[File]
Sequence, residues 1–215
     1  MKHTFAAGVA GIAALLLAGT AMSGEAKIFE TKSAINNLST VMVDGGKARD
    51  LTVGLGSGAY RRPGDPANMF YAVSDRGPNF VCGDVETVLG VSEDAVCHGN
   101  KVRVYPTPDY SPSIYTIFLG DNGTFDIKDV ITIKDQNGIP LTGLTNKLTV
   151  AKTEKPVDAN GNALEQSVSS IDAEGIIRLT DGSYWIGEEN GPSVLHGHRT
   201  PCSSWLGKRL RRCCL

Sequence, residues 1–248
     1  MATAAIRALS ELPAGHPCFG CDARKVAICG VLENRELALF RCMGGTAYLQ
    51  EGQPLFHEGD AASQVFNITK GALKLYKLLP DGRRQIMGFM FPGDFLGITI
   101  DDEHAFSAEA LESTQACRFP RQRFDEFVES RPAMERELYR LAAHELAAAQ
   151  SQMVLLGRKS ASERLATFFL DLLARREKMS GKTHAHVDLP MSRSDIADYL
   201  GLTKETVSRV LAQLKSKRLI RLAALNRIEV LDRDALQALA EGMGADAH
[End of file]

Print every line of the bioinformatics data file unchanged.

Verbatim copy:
Sequence, residues 1–215
     1  MKHTFAAGVA GIAALLLAGT AMSGEAKIFE TKSAINNLST VMVDGGKARD
    51  LTVGLGSGAY RRPGDPANMF YAVSDRGPNF VCGDVETVLG VSEDAVCHGN
   101  KVRVYPTPDY SPSIYTIFLG DNGTFDIKDV ITIKDQNGIP LTGLTNKLTV
   151  AKTEKPVDAN GNALEQSVSS IDAEGIIRLT DGSYWIGEEN GPSVLHGHRT
   201  PCSSWLGKRL RRCCL

Sequence, residues 1–248
     1  MATAAIRALS ELPAGHPCFG CDARKVAICG VLENRELALF RCMGGTAYLQ
    51  EGQPLFHEGD AASQVFNITK GALKLYKLLP DGRRQIMGFM FPGDFLGITI
   101  DDEHAFSAEA LESTQACRFP RQRFDEFVES RPAMERELYR LAAHELAAAQ
   151  SQMVLLGRKS ASERLATFFL DLLARREKMS GKTHAHVDLP MSRSDIADYL
   201  GLTKETVSRV LAQLKSKRLI RLAALNRIEV LDRDALQALA EGMGADAH